1. Limited time only! Sign up for a free 30min personal tutor trial with Chegg Tutors
    Dismiss Notice
Dismiss Notice
Join Physics Forums Today!
The friendliest, high quality science and math community on the planet! Everyone who loves science is here!

Homework Help: Laguerre polynomials

  1. Oct 10, 2006 #1
    What differential equation does

    [tex]\phi_n (x) := e^{-x/2} L_n (x)[/tex]

    solve? [tex]L_n[/tex] is a Laguerre polynomial.

    Please give me a hint on this one. I haven't got a clue where to start.
  2. jcsd
  3. Oct 10, 2006 #2


    User Avatar
    Homework Helper

    What differential equation do the Laguerre polynomials solve? If you don't know, look it up.
  4. Oct 11, 2006 #3
    The Laguerre differential equation is

    [tex]xy'' + (1 - x)y' + ny = 0[/tex]

    and [tex]L_n (x)[/tex] is a solution to this but my [tex]\phi_n (x)[/tex] is not a solution to the Laguerre equation, is it?
    I know that [tex]\phi_n (x)[/tex] should solve a self adjoint differential equation but I don't think the Laguerre eq. is?
  5. Oct 11, 2006 #4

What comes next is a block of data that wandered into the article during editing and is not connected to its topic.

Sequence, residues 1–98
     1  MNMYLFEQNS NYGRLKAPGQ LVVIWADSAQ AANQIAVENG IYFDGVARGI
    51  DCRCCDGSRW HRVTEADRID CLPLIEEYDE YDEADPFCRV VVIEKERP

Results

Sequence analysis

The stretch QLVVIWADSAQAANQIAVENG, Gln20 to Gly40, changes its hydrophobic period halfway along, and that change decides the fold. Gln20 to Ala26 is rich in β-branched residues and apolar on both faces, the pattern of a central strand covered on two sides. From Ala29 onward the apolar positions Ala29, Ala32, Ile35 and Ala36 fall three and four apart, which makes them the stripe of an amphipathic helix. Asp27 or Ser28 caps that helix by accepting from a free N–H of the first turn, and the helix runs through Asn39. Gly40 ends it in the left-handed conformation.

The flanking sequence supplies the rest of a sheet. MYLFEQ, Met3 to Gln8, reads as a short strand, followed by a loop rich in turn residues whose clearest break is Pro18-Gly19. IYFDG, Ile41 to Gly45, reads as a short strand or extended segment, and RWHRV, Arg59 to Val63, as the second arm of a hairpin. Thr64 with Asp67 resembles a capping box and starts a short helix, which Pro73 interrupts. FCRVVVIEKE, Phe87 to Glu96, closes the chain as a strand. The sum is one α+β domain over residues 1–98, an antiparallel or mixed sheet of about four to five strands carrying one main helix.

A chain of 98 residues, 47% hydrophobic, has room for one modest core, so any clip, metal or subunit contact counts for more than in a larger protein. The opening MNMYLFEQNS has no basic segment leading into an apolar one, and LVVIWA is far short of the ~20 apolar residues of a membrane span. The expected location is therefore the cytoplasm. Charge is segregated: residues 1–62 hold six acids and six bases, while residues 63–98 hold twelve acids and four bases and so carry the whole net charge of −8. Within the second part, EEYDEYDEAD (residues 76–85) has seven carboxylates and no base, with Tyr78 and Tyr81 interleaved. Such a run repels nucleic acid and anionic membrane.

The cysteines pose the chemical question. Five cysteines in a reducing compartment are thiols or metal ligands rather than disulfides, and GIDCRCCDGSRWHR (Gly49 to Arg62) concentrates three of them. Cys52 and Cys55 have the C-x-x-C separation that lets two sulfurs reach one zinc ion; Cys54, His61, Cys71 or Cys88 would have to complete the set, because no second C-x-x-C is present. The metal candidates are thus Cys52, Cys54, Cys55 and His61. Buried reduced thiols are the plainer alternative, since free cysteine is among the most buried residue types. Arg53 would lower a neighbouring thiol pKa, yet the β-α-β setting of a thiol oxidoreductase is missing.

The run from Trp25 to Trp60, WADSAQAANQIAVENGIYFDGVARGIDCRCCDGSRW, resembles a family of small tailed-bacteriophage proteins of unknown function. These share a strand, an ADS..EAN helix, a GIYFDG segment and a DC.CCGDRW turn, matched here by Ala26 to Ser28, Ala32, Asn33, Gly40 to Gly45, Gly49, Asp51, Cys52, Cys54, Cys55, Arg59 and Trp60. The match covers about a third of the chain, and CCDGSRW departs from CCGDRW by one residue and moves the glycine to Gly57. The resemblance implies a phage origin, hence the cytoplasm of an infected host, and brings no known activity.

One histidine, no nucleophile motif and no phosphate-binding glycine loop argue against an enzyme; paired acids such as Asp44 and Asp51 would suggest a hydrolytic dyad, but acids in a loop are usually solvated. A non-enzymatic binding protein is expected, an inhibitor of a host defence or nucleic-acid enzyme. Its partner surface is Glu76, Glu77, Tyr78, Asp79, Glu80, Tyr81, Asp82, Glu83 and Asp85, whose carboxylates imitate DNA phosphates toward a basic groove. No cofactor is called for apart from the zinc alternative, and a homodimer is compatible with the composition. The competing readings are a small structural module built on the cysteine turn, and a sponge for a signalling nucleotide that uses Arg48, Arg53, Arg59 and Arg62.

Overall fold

User Avatar
    Homework Helper

    Find [itex]\phi',\phi''[/itex] in terms of the derivatives of L and use the differential equation relating the derivatives of L to get a DE relating the derivatives of [itex]\phi[/itex].
  6. Oct 11, 2006 #5
    Ok, so then I get

    [tex]x \phi_n^{''} (x) + (1-x) \phi_n^{'} + (n + \frac{1}{2} - \frac{x}{4}) \phi_n (x) = 0[/tex]

    but this isn't self-adjoint?
    In my case, self-adjoint means it can be written in the form

    [tex]\frac{d}{dx} (p(x) \frac{d}{dx} \phi_n (x) ) + q(x) \phi_n (x)[/tex]
  7. Oct 12, 2006 #6
    I made a mistake. The equation I get is

    [tex]x \phi_n^{''} + \phi_n^{'} + (n + \frac{1}{2} - \frac{x}{4}) \phi_n = 0[/tex]

    and this is indeed self-adjoint. Thanks for your help!
Share this great discussion with others via Reddit, Google+, Twitter, or Facebook